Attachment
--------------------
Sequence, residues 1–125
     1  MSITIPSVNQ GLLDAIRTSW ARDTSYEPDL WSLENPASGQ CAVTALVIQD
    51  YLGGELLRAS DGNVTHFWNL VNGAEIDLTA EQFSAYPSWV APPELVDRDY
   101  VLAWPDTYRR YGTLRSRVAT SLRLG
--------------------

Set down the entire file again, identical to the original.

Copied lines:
Sequence, residues 1–125
     1  MSITIPSVNQ GLLDAIRTSW ARDTSYEPDL WSLENPASGQ CAVTALVIQD
    51  YLGGELLRAS DGNVTHFWNL VNGAEIDLTA EQFSAYPSWV APPELVDRDY
   101  VLAWPDTYRR YGTLRSRVAT SLRLG